Can you tell me about your practice? How do you get started on a piece of work?
From obscure queer histories; to Irish nationalism; to north-eastern folklore I use historical narratives to catalyse a playful and inquisitive approach to painting. From near total abstraction to figurative landscapes I like to experiment with representation, depth and collage throughout my practice. I love researching history, whether it's local to Gateshead/Newcastle where I currently live, or further afield’ and from this research I earmark historical narratives that I find particularly engaging or visually compelling and start planning some compositions. I try and have a handful of different primed canvases ready at any time, so I can respond to moments of inspiration/free time and just get down to work.
Who or what are your biggest influences?
This is a tough one. Frank Auerbach was the artist who first got me into painting, so he will always occupy a special place among my influencers. At university, my favourite artist was Helen Johnson, an amazing Australian painter whose historical focus, use of figuration and flat composition always intrigued me. I was blown away by the textures of her paintings when I saw a relatively small exhibition of hers at the ICA in London in 2017. She rakes her acrylic, resulting in subtle grooves running throughout her work, and she also plays a lot with printed patterns. If you look at her figures’ clothing you will get what I mean. Outside of artists, my biggest influence will come from regularly visiting museums and sites of historic interest/capital.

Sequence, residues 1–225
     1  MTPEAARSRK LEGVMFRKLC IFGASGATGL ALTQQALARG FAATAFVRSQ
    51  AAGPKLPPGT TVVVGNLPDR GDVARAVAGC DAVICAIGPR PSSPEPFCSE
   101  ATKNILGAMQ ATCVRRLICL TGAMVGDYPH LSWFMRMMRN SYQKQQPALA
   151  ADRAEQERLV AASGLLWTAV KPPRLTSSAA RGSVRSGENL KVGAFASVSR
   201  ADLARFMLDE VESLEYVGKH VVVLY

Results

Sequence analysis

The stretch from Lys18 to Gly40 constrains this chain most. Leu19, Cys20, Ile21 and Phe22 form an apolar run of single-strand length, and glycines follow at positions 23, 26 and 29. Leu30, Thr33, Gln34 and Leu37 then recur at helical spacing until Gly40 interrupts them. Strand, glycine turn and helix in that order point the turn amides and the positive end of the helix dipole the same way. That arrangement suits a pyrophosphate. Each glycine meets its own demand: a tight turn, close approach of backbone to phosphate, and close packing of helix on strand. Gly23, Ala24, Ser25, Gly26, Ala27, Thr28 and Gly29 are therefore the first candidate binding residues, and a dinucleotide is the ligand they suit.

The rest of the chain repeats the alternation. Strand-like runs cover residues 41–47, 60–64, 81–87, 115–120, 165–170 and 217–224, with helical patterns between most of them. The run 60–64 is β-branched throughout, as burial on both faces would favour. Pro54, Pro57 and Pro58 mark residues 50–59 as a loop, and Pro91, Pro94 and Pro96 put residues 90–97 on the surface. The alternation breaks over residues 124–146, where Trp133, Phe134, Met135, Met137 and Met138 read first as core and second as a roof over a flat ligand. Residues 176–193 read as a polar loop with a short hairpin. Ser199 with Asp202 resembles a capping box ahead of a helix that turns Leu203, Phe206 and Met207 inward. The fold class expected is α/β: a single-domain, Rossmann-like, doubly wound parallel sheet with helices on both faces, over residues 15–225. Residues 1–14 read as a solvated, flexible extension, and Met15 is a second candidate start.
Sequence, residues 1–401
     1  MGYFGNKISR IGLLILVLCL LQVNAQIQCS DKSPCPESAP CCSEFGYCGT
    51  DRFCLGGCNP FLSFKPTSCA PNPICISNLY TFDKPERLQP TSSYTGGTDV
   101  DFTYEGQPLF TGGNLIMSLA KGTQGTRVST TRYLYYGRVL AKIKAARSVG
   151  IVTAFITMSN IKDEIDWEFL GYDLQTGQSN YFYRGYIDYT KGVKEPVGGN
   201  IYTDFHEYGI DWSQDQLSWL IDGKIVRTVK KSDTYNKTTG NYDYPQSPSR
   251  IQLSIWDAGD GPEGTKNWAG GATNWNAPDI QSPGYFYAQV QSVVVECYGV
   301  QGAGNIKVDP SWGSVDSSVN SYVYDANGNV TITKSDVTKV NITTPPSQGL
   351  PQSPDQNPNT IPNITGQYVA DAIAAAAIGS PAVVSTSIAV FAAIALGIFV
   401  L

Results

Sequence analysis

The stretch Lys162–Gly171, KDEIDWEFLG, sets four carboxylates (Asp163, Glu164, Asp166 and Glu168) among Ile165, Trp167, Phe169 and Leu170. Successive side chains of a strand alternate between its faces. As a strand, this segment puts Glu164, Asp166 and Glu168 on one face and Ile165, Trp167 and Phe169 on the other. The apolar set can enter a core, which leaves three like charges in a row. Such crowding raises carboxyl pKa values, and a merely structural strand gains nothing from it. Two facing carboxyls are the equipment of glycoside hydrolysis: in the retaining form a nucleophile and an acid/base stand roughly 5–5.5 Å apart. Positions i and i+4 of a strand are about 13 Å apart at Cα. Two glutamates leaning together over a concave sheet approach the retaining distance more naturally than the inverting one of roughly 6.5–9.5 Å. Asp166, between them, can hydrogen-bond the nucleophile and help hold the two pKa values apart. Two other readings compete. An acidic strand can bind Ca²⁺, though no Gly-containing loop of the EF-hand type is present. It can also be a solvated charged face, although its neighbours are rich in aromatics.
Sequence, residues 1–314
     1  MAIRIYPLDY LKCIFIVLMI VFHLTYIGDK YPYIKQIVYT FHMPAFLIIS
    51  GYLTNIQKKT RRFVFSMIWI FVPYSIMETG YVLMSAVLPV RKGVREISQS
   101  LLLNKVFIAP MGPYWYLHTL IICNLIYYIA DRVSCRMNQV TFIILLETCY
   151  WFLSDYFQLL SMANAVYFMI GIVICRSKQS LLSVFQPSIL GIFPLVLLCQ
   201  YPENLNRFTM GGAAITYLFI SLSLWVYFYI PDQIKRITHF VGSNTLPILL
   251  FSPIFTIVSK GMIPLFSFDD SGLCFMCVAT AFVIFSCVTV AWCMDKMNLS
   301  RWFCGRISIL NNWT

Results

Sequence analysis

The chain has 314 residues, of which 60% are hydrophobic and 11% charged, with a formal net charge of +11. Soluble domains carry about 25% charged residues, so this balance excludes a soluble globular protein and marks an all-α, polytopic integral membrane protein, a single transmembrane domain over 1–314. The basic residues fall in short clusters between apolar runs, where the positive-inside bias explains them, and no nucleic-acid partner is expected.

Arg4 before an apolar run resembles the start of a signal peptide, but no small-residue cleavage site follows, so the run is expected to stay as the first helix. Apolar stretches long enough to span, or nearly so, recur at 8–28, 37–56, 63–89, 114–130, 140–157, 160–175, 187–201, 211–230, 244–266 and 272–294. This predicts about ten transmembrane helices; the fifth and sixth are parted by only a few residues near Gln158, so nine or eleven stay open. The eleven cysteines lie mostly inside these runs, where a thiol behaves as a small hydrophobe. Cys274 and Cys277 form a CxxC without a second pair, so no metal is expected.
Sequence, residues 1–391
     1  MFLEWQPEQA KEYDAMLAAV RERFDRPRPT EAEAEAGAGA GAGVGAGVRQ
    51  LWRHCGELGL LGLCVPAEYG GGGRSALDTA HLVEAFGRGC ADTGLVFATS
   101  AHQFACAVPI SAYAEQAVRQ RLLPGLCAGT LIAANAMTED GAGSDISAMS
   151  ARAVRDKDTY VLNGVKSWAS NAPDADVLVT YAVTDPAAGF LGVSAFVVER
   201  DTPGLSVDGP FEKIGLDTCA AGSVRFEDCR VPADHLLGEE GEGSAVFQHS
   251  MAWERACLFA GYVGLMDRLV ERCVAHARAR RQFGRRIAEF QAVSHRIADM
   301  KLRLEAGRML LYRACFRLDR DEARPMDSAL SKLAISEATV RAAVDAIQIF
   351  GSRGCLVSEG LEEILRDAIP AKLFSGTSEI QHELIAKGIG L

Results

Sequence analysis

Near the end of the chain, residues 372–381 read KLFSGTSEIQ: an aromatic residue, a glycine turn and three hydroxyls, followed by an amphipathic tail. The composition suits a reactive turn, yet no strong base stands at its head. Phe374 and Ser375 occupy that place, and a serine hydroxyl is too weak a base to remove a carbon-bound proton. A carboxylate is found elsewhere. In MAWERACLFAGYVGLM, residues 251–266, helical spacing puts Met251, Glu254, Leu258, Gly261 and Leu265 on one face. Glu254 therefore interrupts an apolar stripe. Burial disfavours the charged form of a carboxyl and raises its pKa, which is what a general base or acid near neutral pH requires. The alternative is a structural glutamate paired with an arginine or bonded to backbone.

Can you talk about how you explore historical events in your painting process? How do they guide and influence your practice?
So I usually only use historical narratives to provide a starting point when planning a painting's composition. I find it's a great way to get over the fear of a pristine blank canvas, but after that initial spark I don’t really consider the historical narrative that much. Instead I focus on the painting in isolation. In a recent application I wrote how I am not that interested in revering or reforming history through my painting. Instead, I am more interested in the historiographical potential in painting the past. What does it mean to create new, sometimes heavily abstracted, documentation of historical events? Hopefully, my work invites audiences to make new playful connections to their past – a little like a Dr Who episode perhaps.
How important is the choice of material in relation to realizing the concept of your work?
I use oil paint because I have been using the medium for over 7 years and I still feel like I have more to learn. Oil allows for plenty of layering (thin to fat and all that) and gesture. Painting medium wise I use Zest-it, linseed oil, beeswax, Liquin and thinners regularly. I also use oil primer. I am a big fan of the stuff. It prevents the oil paint from sinking into the canvas at all and helps achieve a bright, high gloss finish for my paintings. I also find that the oils are easier to manipulate on top of oil primer. You can work back into the paint with a rubber tipped brush and remove all the colour, producing a crisp white drawn mark. Materiality is noteworthy in my practice, but fundamentally not that important. I use oil paint as a means to an end really.
What is your most important tool? Is there something you can’t live without in your studio?
It would have to be my mobile phone. I take photos of a canvas after each painting session and review them occasionally away from the studio. Normally just before I go to bed. Seeing a condensed miniature version of your painting helps recalibrate your own impression of the work. If that makes sense? As a painter, you can get bogged down in the tiniest of details on your canvas. Taking a digital step back and reviewing the work as a whole helps keep me focused on what the overall painting really looks like.
Can you give us a book recommendation that has been important in your practice? And tell us why it’s important.
Finally, is there anything new coming up that you would like to tell us about?